Every Tuesday, I review the newest Blu-ray releases and let you know whether they’re worth buying, renting or skipping, along with a breakdown of the included extras. If you see something you like, click on the cover art to purchase the Blu-ray from Amazon, and be sure to share each week’s column on Facebook and Twitter with your friends.
WHAT: When a quartet of illusionists called the Four Horsemen commit a series of crimes as part of a three-show performance bankrolled by business tycoon Arthur Tressler (Michael Caine), FBI agent Dylan Rhodes (Mark Ruffalo) teams up with an Interpol detective (Melanie Laurent) to track them down.
WHY: It’s always nice to see an original idea like “Now You See Me” find success amid the usual summer barrage of rehashed properties (and a sequel has since been greenlit), but unfortunately, the movie doesn’t live up to its full potential. The chemistry between the Four Horsemen – played with verve by Jesse Eisenberg, Woody Harrelson, Isla Fisher and Dave Franco – provides many of the film’s best moments, so it’s really disappointing that the actors are used so sparingly. And though Ruffalo is certainly no slouch, following his dogged FBI agent around as he tries to unravel the mystery surrounding the Four Horsemen’s elaborate magic act isn’t nearly as much fun as watching them execute it. The movie is also riddled with giant plot holes, strange story developments and one of the lamest twist endings in recent memory. After all, if you’re going to make a film about magic, you shouldn’t cheat to sell the trick.
EXTRAS: There’s an audio commentary with director Louis Leterrier and producer Bobby Cohen, a making-of featurette, a brief history of magic and deleted scenes.
FINAL VERDICT: RENT
WHAT: Change is in the air at Dunder Mifflin as the documentary is finally scheduled for its TV debut, leading Andy (Ed Helms) to rethink his career choices. Meanwhile, Jim (John Krasinski) and Pam (Jenna Fischer) experience marital problems when he lands a dream job in Philadelphia; Angela (Angela Kinsey) discovers that her marriage has been a fraud; and Erin (Ellie Kemper) hooks up with the new office temp.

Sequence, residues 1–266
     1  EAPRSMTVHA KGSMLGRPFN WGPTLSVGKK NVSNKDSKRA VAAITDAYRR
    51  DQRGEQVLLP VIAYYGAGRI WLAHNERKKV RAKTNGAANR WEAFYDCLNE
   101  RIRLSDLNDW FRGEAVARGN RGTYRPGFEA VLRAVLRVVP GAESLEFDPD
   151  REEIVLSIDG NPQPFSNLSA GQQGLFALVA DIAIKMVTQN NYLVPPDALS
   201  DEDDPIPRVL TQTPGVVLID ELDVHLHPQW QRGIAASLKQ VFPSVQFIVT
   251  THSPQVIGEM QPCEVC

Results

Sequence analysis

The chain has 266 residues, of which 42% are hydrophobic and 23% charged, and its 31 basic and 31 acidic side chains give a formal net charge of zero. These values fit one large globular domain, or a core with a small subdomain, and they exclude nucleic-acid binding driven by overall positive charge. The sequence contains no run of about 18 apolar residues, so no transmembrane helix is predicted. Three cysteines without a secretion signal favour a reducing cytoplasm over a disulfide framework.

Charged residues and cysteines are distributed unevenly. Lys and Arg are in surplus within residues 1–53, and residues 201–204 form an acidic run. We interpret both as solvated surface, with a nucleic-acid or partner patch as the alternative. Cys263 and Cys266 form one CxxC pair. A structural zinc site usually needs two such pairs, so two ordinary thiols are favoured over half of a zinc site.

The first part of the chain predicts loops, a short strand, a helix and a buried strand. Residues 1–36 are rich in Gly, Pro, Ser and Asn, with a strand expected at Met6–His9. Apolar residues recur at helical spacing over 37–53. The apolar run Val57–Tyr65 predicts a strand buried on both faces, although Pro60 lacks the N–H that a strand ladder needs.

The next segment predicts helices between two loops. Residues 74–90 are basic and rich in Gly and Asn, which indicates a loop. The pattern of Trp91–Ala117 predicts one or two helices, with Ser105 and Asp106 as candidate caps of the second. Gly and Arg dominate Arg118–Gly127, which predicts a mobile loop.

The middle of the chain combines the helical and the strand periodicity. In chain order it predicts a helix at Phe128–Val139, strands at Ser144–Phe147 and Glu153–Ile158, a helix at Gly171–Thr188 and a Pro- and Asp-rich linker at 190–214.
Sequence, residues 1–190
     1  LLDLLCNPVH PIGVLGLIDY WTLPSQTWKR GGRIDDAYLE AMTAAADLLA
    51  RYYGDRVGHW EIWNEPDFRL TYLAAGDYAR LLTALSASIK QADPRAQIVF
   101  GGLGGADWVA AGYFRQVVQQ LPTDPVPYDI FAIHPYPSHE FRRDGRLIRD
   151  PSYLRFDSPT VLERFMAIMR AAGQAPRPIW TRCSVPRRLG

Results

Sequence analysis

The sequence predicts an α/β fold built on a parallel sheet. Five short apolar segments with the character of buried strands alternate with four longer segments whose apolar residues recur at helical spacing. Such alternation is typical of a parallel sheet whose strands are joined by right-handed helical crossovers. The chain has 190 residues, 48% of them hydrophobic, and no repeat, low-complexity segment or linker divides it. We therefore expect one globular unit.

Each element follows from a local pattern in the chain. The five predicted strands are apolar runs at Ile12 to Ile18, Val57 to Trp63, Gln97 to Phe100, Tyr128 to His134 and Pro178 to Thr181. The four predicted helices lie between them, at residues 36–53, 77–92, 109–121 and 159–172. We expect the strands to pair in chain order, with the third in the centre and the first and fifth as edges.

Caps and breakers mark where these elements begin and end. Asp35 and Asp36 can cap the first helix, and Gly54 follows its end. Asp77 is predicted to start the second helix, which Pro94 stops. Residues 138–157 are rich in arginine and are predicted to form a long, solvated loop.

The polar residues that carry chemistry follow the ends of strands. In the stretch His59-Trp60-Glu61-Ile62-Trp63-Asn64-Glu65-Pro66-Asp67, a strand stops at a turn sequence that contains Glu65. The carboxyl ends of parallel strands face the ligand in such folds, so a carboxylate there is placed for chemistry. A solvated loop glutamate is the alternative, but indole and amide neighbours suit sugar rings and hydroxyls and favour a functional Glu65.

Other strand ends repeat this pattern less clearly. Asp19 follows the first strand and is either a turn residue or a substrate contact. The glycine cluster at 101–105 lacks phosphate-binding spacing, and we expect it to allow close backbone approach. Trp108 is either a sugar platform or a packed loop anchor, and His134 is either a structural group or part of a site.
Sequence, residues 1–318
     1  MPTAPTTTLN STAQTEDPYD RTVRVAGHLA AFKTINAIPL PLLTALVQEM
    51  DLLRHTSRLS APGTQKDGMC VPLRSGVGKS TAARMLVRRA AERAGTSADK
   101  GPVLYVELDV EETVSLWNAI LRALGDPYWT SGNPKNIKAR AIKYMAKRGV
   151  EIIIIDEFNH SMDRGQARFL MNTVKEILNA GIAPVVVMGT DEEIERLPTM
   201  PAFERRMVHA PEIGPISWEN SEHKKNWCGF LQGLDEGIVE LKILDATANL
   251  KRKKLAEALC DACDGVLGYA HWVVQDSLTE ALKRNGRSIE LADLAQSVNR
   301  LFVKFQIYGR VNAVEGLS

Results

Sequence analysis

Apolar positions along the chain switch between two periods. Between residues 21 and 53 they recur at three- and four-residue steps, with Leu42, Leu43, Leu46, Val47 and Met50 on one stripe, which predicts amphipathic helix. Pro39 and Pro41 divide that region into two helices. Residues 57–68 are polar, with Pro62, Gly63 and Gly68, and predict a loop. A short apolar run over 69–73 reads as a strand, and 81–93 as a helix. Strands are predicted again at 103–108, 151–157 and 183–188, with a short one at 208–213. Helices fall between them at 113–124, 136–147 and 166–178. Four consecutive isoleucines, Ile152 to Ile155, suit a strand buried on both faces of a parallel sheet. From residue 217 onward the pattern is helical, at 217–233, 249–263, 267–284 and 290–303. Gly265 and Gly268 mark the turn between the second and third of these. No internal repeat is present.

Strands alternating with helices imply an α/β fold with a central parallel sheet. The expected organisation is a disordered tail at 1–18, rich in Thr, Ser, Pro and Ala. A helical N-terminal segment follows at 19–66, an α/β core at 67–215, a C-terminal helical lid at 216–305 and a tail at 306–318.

WHY: Though it was one of the funnier shows on television during its first few seasons, “The Office” has gradually become less entertaining over the years, with many clamoring for NBC to pull the plug when Steve Carell exited the workplace comedy at the end of Season Seven. Instead, they decided to forge ahead without him, and if the final two seasons are any indication, that was a terrible idea. Despite some desperate attempts to plug the hole with big-name guest stars like James Spader and Kathy Bates (both of whom made Season Eight more tolerable), the writing was already on the wall by the time Season Nine rolled along. From the contrived Jim-Pam subplot, to the complete devolution of the Andy Bernard character (somehow making him more annoying in the process), there wasn’t much to love about this season apart from the well-crafted series finale. It was a bumpy ride getting there, but at least they stuck the ending.
EXTRAS: As usual, there’s a ton of bonus material on the four-disc set, including never-before-seen audition tapes, over two hours of deleted scenes, a behind-the-scenes panel discussion, a blooper reel and more.
FINAL VERDICT: RENT
WHAT: Set over the course of several decades, the film tells the real-life story of Robert Kuklinski (Michael Shannon), a devoted husband and father of two who secretly worked as a contract killer for the mob, murdering more than 100 people before finally being arrested.
WHY: “The Iceman” had all the makings of a good film – a magnetic leading man, a great supporting cast (save for a pointless cameo by James Franco), and story almost too crazy to be true – but while it starts out well enough, it never really builds on that early promise. Instead, it seems content to follow the same generic formula of every other gangster drama, and as a result, the movie comes off dull and predictable. For a movie based on fact, it feels an awful lot like fiction, and that may be why it took so long for someone to make a film about Kuklinski’s life. While it’s definitely an incredible story, that doesn’t necessary guarantee that it’ll be interesting, and though that hasn’t stopped Michael Shannon from delivering another fine performance, it’s not quite enough to rescue the movie from the swamp of mediocrity surrounding him.
EXTRAS: There’s a 30-minute making-of featurette and a shorter, EPK-style look behind the scenes with interviews from the cast and crew.
FINAL VERDICT: SKIP